What chance for genuine change in Kazakhstan?

Kazakhstan is reeling from the aftershock of the largest and bloodiest unrest it has seen since independence. Without fundamental reform, protests will return.

Explainer Updated 13 October 2022 Published 7 February 2022 6 minute READ

Virtually overnight, the international image of a prosperous and stable Kazakhstan became stained by anarchy, violence, and social inequality.

The multidimensional nature of the turbulence during ‘Bloody January’, which brought together peaceful protestors, marauding mobs, organized criminal groups, and an inter-elite power struggle, does not fit easily into any analytical template. The government of President Kassym-Jomart Tokayev is unlikely to engage in full disclosure regarding human rights violations and the identities of the perpetrators, given its disinformation tactics to date.

Having now consolidated his power, Tokayev faces even greater challenges. Can the process of ‘de-Nazarbayevication’ really dislodge corrupt elites in charge of lucrative sectors? And as Kazakhstanis increasingly demand an overhaul of the system to achieve greater social justice, is the leadership in a position to undertake cardinal reforms?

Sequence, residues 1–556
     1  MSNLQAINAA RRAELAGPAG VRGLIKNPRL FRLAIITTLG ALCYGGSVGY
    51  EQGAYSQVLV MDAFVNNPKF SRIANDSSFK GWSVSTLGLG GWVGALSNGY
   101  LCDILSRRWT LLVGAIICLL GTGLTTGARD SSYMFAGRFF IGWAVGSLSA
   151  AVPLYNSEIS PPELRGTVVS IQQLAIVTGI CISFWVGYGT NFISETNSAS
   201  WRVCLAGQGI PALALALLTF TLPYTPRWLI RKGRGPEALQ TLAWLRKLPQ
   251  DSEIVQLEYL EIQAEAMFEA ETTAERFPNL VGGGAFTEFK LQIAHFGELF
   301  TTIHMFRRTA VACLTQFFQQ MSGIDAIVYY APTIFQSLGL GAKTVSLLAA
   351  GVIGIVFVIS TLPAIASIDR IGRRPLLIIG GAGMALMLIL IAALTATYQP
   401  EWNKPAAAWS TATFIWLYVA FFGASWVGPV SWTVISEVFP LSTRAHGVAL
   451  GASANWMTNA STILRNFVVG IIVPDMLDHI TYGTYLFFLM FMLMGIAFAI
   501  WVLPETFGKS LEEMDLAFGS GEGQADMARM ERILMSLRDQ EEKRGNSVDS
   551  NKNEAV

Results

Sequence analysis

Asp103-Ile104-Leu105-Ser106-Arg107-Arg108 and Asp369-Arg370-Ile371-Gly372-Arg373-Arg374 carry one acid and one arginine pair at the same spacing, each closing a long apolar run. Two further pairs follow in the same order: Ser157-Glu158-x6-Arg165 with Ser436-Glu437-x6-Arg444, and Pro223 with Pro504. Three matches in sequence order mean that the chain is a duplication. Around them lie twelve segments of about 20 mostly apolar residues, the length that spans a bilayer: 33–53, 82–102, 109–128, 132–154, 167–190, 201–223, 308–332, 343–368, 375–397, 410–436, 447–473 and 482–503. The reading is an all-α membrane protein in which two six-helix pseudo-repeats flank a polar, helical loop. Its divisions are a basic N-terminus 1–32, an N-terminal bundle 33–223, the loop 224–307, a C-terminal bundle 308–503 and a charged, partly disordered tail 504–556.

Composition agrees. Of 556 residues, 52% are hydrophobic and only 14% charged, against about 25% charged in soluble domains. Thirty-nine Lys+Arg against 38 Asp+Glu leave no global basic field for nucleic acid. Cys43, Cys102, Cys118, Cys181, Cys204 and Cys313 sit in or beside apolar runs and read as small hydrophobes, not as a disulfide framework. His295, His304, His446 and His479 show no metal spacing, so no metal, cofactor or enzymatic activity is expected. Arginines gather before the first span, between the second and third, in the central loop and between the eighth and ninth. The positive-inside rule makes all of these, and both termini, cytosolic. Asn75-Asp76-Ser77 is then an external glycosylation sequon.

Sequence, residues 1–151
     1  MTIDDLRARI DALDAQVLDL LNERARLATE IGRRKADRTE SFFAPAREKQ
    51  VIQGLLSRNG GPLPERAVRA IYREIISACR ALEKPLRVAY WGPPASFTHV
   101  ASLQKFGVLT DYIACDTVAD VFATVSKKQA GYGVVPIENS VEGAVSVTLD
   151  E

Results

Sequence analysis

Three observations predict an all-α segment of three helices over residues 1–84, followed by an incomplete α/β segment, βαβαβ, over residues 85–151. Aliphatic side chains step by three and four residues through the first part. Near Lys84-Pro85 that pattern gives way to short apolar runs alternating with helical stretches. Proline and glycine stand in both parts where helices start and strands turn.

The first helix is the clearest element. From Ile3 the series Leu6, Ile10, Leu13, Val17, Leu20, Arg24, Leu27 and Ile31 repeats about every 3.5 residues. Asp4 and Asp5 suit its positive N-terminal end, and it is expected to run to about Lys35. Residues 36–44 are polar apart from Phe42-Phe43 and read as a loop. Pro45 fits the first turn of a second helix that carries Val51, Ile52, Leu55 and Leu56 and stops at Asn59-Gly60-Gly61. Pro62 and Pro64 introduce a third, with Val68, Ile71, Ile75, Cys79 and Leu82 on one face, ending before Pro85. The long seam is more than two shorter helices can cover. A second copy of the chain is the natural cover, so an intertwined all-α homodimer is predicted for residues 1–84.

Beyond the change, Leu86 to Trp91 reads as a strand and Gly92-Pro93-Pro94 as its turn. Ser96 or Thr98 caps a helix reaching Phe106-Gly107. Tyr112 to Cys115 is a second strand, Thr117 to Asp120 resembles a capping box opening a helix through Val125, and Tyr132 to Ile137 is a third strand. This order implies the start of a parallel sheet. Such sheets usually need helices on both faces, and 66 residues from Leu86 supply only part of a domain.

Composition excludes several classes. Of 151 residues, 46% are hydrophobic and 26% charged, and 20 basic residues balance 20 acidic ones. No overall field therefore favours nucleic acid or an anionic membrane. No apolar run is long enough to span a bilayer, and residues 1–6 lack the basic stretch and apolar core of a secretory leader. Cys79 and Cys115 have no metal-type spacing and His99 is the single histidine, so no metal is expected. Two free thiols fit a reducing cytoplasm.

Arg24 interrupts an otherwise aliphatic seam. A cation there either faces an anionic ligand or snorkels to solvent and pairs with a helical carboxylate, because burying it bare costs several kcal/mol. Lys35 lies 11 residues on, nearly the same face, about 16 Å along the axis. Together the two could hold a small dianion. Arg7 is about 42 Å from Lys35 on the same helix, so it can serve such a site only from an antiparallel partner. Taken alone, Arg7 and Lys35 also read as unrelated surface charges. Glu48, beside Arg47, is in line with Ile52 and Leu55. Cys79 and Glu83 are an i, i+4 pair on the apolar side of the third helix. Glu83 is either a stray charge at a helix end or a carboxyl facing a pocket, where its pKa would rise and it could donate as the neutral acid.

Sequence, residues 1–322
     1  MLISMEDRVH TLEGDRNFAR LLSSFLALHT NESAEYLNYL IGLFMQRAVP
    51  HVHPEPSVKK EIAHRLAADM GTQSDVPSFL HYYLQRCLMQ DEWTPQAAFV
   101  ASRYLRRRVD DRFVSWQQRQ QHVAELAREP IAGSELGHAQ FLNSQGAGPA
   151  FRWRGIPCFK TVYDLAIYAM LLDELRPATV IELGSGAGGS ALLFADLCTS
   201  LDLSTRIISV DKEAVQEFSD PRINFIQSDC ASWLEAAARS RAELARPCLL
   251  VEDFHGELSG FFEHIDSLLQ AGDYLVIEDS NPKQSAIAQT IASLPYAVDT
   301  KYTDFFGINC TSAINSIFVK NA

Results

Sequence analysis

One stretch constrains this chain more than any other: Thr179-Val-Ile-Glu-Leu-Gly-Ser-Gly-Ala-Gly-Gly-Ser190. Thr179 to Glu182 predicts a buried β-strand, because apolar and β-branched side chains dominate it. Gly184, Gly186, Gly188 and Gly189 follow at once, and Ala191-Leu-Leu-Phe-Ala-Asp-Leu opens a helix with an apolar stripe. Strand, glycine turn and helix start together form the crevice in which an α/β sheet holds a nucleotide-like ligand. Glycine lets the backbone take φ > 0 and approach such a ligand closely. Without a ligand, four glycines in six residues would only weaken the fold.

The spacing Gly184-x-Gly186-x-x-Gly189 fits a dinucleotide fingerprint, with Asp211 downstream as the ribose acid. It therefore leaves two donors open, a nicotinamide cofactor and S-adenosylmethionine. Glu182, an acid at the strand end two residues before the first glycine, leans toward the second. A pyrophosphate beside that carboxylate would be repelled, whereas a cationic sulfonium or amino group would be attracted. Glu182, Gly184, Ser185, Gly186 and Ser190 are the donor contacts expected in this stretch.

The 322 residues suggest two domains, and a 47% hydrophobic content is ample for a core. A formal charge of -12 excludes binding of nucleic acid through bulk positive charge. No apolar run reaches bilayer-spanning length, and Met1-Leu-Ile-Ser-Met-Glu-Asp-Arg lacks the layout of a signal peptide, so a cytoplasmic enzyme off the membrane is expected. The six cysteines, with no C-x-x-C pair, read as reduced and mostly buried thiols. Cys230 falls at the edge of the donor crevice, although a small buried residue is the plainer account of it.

A tale of two struggles: Peaceful protest and insurrection

The protests began on 2 January over a single economic issue but then escalated into nationwide demonstrations calling for improved socioeconomic conditions and a more accountable political system, before morphing into scenes of violence.

The tensions inherent within this dual power arrangement ultimately gave way to insurrection on the part of those Nazarbayev loyalists who feared a loss of power and wealth

Tokayev quickly declared a state of emergency, ordered a communications blackout, issued a shoot-to-kill-without-warning order, and replaced the government. Then, after taking control of the chairmanship of the National Security Council from former president and Elbasy (Leader of the Nation) Nursultan Nazarbayev, he called in troops from the Russian-led Collective Security Treaty Organisation (CSTO) to prop up a tottering regime.

Within only a few days, the era of Nazarbayev – spanning more than three decades – came to its final conclusion, leaving at least 227 dead and almost 5,000 wounded.

Tokayev was quick to blame the violence on ‘terrorists and bandits’ – even making the highly improbable claim there were 20,000 terrorists in Almaty alone – but he has failed to offer any evidence, instead declaring the bodies of the ‘terrorists’ were snatched from the city’s morgues and so could not be identified.

Such implausible and unsubstantiated statements, along with the arrest on 8 January of Karim Masimov, Nazarbayev’s right-hand man and chairman of the National Security Committee (KNB) on charges of high treason, lent weight to suspicions that Tokayev was trying to deflect attention from an intra-elite struggle at the highest echelons of power.